16 (c) (d) (e) (f) (g) the failure to produce relevant information that seems likely to have existed but is no longer available on more easily accessed sources the likelihood of finding relevant, responsive information that cannot be obtained from other, more easily accessed sources predictions as to the importance and usefulness of the further information the importance of the issues at stake in the litigation and the parties resources. 4.8 This approach distinguishes between data that is reasonably accessible and data that is not, favouring the production of relevant information from sources which are easier to access (where possible). If parties are unable to reach agreement regarding necessity of discovery from sources that are difficult to access, a motion to compel discovery may be brought. 4.9 Cost Shifting Cost shifting orders are generally made in situations where the court orders the disclosing party to search for and disclose certain electronic records which are not easily accessible or which are only accessible at great cost. The court may order the party seeking discovery to pay the costs of the exercise. Amended Rule 26(b)(2)(C) of the Federal Rules of Civil Procedure states that an order compelling production of documents may in certain circumstances come attached with conditions such as "payment by the requesting party of part or all of the reasonable costs of obtaining information from sources that are not reasonably accessible" Sanctions Case law from a number of US states demonstrates some preference for invoking the tort concept of "negligence" in respect of claims of spoliation of relevant data 13. The 2007 US Sedona Principles contend that this approach is incorrect and that the courts should focus on "culpability and prejudice" when determining guilt or innocence where spoliation of relevant electronically stored information has occurred 14. Sanctions range from negative inferences being drawn against the party who has failed to preserve documents, to monetary sanctions and findings of liability. Furthermore, the US Federal Courts have entered default judgment in certain cases where parties have failed to preserve relevant data Responsibility of Counsel 13 Residential Funding Corp. v. DeGeorge Fin. Corp., 306 F.3d 99, Comment 14.b. pg Carlucci v Piper Aircraft Corp, 102 FRD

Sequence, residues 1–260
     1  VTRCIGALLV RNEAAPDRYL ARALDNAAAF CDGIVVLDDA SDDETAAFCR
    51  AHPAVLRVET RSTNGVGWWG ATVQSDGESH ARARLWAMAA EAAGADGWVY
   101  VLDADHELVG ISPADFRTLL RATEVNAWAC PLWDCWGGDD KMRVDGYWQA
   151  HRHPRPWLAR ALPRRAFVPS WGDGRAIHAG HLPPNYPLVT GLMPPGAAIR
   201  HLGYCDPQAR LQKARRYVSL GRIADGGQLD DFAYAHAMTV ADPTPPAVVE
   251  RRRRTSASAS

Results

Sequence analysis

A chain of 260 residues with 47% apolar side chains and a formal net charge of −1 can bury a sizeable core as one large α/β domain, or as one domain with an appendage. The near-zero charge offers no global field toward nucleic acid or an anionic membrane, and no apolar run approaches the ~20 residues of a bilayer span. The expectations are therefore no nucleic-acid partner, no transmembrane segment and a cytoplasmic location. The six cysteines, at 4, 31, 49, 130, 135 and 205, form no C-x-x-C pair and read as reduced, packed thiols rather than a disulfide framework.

17 As seen above, the Federal Courts in the US have said that Counsel are under an obligation to supervise their clients in terms of preservation and production of electronically stored information. Indeed, a number of state courts have their own guidelines/rules that place an onus of supervision on Counsel 16. Further, the "Guidelines for State Trial Courts Regarding Discovery of Electronically Stored Information (Guideline 2)" require Counsel to have an understanding of how electronic data is stored and retrieved Canada In Canada, the Rules governing discovery are codified by each province's own Rules of Civil Procedure. These Rules differ from province to province. Over recent years there have been calls for a national "best practices" set of standards or guidelines in Canada (not unlike the guidelines published by the Sedona Conference in the US in ). On foot of these calls, the Sedona Canada Conference published its first "public comment draft" principles in February, Definition of a Document In Canada, the majority of the provincial Rules of Civil Procedure provide a definition of the word "document". These definitions either explicitly state that "electronic" documents are discoverable or they imply this by stating that documents "in any format" are discoverable Retention of Documents The Sedona Canada Principles state that Parties should take reasonable and good faith steps to preserve information relevant to the issues in an action. In common law jurisdictions the preservation obligation arises when a proceeding has already been filed, but can also arise when it is reasonable to expect the evidence may be relevant to future litigation 20. The Principles advocate a proactive approach to preservation, advising that the requesting party should communicate to the preserving party, at the outset of litigation, their requirements in terms of data preservation (in both paper and electronic form). In the Canadian case Doust v Schatz 21 the court stated that The integrity of the administration of justice in both civil and criminal matters depends in a large part on the honesty of parties and witnesses. Spoliation of relevant documents is a serious matter. Our system of disclosure and production of 16 In Zubulake v UBS Warburg LLC, 229 F.R.D. 422, (S.D.N.Y. 2004), the court held that counsel is under obligation to identify with the client all potential sources of relevant discoverable data. 17 "The Sedona Guidelines; Best Practice Guidelines & Commentary for Managing Information & Records in the Electronic Age (A Project of the Sedona Conference Working Group on Best Practices for Electronic Document Retention & Production) September 2004 Public Comment Draft. 18 The Sedona Canada Principles: Addressing Electronic Document Production, (A Project of the Sedona Conference Working Group 7 (WG7)) published February, Alberta, Rule 186; British Columbia, Rule 1; Manitoba, Rule 30.01; New Brunswick, Rule 31.01; Northwest Territories and Nunavut, Rule 218; Ontario, Rule 30.01; Prince Edward Island, Rule 30.01; Saskatchewan, Rule Comment 4.c, pg (2002) 227 Sask. R. 1 (C.A.) 17